Tappable home equity in the U.S., or the total amount available for homeowners to borrow against, is at $5.9 trillion, close to the all-time high. According to Black Knight, approximately 44 million homeowners have on average $136,000 of tappable equity. In this market, it might be a good time to think about using a home equity loan to refinance your first mortgage or your current home equity loan.
A big benefit of refinancing with a home equity loan is the lesser amount of cash needed to close the loan. Traditional refinancing can mean thousands of dollars in closing fees. “For homeowners looking to avoid the fees of a traditional mortgage refinance, a home equity loan may be an attractive option,” says Rob Cook, Head of Marketing and Customer Experience for Discover Home Equity Loans. “For instance, Discover Home Equity Loans offers financing with zero origination fees and zero cash due at closing.” Eliminating or lowering these closing costs can save you hundreds—if not thousands—of dollars.
Here are some other factors to think about when refinancing—such as new loan terms and lower monthly payments.
Know what equity you have
First things first. It’s time to calculate your available home equity: subtract the amount you owe on your home from its estimated current value. For example, if your home is valued at $200,000 and you owe $150,000, your home equity is $50,000. Next, estimate your loan-to-value (LTV)—which is the ratio of what you owe compared to your home’s current value. To get this number, subtract the equity in your home from its total value. Then, divide that number by your home’s total value. In the above example, you would divide $150,000 by $200,000 to get an LTV of 75 percent, or 25 percent home equity. (LTV only includes a primary mortgage in its calculation.)
Some lenders, like Discover Home Equity Loans, will lend up to 95 percent combined loan-to-value (CLTV), depending on your credit score. CLTV differs from LTV in that it includes all mortgages and liens on your property, not just the primary mortgage. This means that your total mortgage amount including all liens can go up to 95 percent of your home’s value. However, in general, it’s a good idea to keep your CLTV at 80 percent or less. Not only might other lenders look more favorably at your loan application, but you’ll also likely pay lower mortgage rates for your loan the more equity you have.1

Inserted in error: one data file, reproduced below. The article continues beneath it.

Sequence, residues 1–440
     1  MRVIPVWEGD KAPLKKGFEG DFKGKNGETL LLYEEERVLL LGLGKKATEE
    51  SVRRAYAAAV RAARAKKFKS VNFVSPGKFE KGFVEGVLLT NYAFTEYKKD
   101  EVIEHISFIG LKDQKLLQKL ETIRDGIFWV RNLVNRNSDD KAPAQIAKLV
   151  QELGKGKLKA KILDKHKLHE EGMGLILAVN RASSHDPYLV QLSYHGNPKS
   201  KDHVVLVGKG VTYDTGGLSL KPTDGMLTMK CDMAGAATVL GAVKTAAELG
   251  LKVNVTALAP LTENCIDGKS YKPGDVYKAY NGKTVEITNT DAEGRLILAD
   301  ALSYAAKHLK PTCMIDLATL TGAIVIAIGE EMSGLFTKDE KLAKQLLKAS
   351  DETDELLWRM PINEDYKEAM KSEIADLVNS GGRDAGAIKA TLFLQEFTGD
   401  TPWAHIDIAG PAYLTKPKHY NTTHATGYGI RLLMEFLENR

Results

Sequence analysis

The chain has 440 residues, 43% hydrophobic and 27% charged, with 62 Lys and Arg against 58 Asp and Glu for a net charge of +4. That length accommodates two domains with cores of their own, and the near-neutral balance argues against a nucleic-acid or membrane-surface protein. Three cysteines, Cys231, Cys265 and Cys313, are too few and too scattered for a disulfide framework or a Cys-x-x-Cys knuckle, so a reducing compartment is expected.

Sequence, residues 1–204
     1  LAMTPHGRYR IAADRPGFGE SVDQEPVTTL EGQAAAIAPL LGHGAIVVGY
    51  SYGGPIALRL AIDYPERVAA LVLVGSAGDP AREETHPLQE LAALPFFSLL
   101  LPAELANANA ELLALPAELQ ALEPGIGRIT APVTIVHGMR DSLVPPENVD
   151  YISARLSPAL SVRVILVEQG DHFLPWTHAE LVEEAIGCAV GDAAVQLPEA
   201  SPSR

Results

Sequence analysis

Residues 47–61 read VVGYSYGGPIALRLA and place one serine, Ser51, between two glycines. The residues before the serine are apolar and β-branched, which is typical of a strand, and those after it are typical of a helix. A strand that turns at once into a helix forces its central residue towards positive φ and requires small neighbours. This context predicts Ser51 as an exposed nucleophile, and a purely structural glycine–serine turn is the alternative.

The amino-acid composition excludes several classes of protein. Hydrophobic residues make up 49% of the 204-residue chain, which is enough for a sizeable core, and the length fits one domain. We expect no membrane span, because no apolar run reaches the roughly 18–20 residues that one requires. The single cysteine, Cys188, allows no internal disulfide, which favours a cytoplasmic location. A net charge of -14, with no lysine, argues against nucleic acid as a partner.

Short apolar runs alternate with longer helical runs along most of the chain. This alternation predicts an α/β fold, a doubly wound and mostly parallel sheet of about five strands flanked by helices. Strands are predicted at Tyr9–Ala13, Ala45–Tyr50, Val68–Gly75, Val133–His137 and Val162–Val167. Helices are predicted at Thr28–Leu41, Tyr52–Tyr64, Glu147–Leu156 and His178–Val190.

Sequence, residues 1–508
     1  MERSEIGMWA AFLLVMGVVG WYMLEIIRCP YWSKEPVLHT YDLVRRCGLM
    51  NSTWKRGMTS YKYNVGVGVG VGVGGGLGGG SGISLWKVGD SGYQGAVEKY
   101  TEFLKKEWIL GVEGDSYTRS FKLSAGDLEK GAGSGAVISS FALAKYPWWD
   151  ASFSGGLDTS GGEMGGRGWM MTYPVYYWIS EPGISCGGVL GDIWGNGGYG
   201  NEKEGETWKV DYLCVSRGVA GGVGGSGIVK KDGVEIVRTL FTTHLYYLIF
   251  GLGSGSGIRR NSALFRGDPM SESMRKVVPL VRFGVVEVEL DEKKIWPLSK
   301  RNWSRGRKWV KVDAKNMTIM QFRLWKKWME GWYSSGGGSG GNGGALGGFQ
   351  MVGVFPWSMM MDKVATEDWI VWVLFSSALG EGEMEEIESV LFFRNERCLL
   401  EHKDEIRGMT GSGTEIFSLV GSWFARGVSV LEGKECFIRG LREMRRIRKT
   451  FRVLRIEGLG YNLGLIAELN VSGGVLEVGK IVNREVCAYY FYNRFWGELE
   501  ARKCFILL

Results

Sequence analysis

Look at the advantages of a cash-out refinance
If you’ve built up more than 20 percent in home equity, you may be thinking about a cash-out refinance, which is a refinance of your primary mortgage for more than you owe. You get the difference in cash.
Having access to cash could be a good idea in case of emergency or a major life event, or maybe it’s time for that home improvement project. A remodel can be a good way to use cash because you are putting value back into the home. Another good option for a cash-out refinance is furthering your own education. Says Cook: “Education is, in essence, an investment in yourself, which can offer a good return in the form of increased income opportunities.”
Another reason to consider a cash-out refinance is if you can use it to lower the rate or reduce the term on your primary mortgage, as this strategy works to preserve your equity. However, you may be able to refinance your first lien with a home equity loan and avoid the fees.
There may be a surprise loophole to avoid the added cost of a cash-out loan and actually get some cash out of your refinance without penalty. It works by taking advantage of the overlap of funds at the end of one loan and the beginning of another—the cash that’s left in escrow. For instance, on a $200,000 loan, it’s possible to generate about $4,000 in cash under the right circumstances and with the help of your mortgage lender.2
When doing the research, compare all your options and think about your needs. When looking at a cash-out refinance vs. a home equity loan, compare the closing costs, interest rates and fees for both. Because they vary, each will have a different impact on your home equity and cash flow.3
Seek shorter terms
If you’re not taking cash out of your home but instead reassessing the terms of your loan, a refinance can still impact your home equity. While extending your loan payments to a new 30-year mortgage may help your cash flow, you could be slowing your progress to building your equity.4 Check to see if a 10-, 15-, or even a 20-year loan term might be affordable, which is a nice compromise, “because you’ll build equity faster with a shorter-term loan and you’ll pay less in interest over time,” says Cook. The key is figuring out what you can comfortably afford monthly.
And, don’t forget to compare closing cost options. See if you can negotiate lower fees or pay your closing costs in cash instead of financing them to preserve your home equity in every instance possible.
Take good care of the wealth in your home
Your home equity is valuable—and, as a homeowner, can make up a large piece of your net worth. That should be kept in mind as you consider the impact of tapping the wealth you’ve built in your home—and ways to preserve it.